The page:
Very young babies know when they are about to be picked up and alter the posture of their bodies in preparation, new research has found.
According to European scientists, this is the first study to investigate how babies change their posture in anticipation of being lifted.
They found that most babies between two and four months of age know when they are about to be picked up as soon as their mothers come towards them with their arms stretched out. When this happens, the babies go still and stiffen, making it easier to be lifted.
"We didn't expect such clear results. From these findings we predict this awareness is likely to be found even earlier, possibly not long after birth," explained Prof Vasu Reddy of the University of Portsmouth in the UK.
She suggested that the way in which infant development is studied may have to be reconsidered because ‘infants seem to be able to understand other people's actions towards them earlier than previously thought'.
The findings were based on two studies. The first focused on 18 babies aged three months, while the second looked at 10 babies aged between two and four months.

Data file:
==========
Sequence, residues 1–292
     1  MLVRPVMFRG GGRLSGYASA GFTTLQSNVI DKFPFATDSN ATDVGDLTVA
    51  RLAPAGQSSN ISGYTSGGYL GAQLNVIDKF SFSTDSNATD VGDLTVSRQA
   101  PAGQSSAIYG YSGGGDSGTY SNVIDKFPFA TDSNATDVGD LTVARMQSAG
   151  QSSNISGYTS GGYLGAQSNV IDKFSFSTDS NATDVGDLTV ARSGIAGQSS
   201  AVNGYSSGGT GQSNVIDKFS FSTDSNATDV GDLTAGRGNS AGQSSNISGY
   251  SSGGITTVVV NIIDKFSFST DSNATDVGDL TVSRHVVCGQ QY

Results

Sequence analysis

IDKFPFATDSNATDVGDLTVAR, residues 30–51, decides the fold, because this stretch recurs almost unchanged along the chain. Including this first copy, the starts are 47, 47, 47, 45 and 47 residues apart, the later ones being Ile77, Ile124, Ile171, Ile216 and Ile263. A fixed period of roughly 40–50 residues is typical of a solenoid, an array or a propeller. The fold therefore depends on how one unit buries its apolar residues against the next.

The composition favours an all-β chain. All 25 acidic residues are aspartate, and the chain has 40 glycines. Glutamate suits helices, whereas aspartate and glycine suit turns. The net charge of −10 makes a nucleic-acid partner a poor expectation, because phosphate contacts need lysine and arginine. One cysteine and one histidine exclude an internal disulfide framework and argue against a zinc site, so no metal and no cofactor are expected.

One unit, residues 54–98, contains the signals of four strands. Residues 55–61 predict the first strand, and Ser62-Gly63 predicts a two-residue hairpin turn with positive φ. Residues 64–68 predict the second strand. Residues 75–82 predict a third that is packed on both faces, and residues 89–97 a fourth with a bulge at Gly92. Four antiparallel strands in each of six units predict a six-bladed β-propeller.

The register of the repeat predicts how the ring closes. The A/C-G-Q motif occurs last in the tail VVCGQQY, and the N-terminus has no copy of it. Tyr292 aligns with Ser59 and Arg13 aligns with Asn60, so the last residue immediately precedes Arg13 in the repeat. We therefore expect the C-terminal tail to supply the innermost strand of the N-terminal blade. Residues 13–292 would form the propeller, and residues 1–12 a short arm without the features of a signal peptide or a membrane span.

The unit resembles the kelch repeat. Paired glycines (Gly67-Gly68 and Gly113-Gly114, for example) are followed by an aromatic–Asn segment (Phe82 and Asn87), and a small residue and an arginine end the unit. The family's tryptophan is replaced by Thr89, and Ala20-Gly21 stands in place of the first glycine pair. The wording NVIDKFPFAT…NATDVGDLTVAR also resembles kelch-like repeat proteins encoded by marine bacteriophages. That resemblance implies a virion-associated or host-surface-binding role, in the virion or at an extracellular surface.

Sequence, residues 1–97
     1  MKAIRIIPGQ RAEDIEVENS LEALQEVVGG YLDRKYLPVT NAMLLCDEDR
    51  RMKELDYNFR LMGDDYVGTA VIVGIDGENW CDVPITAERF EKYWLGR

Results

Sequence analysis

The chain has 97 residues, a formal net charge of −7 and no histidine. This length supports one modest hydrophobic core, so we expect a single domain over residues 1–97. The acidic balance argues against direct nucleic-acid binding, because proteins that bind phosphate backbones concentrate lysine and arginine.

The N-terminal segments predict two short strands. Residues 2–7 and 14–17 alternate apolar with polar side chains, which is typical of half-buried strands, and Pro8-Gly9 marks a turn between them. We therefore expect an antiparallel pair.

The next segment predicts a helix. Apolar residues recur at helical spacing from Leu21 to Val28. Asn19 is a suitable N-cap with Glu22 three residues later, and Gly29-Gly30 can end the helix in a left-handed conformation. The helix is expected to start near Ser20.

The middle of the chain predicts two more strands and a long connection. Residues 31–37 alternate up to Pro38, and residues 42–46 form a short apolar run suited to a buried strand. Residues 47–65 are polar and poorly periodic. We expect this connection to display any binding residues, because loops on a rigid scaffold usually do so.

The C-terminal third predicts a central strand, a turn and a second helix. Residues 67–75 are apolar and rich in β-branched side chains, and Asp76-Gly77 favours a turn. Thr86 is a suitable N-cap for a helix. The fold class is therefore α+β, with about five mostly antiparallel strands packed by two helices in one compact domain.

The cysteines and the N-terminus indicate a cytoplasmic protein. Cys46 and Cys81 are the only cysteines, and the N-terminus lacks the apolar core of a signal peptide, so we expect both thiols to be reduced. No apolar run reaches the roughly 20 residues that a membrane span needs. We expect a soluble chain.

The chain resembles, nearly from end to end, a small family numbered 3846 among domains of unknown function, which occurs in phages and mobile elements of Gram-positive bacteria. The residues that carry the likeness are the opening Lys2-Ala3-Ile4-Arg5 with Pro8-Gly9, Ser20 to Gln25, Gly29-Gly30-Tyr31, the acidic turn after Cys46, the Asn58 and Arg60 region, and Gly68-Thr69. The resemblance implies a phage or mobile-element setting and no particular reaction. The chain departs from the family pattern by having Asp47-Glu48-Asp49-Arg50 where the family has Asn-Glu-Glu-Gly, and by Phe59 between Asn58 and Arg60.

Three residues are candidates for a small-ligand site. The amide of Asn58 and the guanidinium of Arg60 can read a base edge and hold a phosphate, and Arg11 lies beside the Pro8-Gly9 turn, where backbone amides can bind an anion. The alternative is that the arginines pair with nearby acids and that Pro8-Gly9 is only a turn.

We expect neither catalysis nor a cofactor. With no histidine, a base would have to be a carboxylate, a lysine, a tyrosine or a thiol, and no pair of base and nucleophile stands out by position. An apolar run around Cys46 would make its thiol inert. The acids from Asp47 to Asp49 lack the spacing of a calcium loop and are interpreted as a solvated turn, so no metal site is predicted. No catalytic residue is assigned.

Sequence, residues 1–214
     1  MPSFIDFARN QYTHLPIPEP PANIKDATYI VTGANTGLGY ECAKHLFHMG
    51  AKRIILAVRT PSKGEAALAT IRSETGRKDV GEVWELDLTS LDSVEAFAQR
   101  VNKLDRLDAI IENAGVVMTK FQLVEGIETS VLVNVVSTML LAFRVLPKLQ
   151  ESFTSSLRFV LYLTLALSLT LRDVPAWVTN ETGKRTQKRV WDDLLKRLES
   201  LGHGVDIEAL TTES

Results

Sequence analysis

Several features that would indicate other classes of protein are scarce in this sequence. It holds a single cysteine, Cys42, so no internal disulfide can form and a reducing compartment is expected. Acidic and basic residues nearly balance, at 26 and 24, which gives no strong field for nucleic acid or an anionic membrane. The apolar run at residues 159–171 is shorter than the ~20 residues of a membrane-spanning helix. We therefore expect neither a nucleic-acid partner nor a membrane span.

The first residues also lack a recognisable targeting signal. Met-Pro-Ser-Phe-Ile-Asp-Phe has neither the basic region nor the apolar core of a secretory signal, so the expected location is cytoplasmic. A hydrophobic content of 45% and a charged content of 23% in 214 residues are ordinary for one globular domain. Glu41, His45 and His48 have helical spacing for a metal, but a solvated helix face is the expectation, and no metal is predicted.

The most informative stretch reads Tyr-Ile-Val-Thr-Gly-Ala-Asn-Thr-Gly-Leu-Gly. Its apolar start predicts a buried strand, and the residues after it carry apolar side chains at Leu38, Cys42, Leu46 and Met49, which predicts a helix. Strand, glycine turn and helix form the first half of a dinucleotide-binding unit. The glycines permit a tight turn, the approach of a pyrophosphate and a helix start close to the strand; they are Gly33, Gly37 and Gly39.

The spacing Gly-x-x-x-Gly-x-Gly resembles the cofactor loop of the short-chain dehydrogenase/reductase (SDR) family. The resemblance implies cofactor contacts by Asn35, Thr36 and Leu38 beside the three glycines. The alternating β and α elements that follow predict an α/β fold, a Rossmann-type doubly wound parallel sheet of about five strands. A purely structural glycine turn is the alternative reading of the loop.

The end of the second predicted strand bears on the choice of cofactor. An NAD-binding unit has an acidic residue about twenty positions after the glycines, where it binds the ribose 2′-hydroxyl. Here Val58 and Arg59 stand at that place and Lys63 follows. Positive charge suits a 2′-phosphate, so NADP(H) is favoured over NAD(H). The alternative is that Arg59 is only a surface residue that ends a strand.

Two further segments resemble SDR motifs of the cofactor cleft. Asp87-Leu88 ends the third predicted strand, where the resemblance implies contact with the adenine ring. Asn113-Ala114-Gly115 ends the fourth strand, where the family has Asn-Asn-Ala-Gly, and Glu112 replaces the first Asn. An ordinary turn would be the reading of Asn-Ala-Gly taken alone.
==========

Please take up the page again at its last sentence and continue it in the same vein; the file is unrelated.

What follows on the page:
In both studies, the babies were put on pressure mats, which measured changes in their posture during three stages - while their mothers chatted to them, when the mothers opened their arms and when the babies were actually picked up.
The study showed that babies as young as two months made specific changes to their posture when their mothers stretched out their arms to pick them up. These changes included raising or widening their arms so that the mother had space to hold the baby's chest, and stretching and stiffening their legs to increase rigidity and therefore stability.
The scientists also noted that at two and three months of age, the infant's gaze often tended to move from the mother's face to her hands when she stretched out her arms.
They said that the findings revealed two important points. Firstly, very young babies make changes to their posture to make it easier for them to be picked up before they are even touched. Secondly, the babies seem to learn how to fine tune the coordination of these movements, rather than having to learn different changes to their posture.
"In other words, they rapidly become more adept at making it easier for parents to pick them up," Prof Reddy pointed out.
Details of these findings are published in the journal Plos One.
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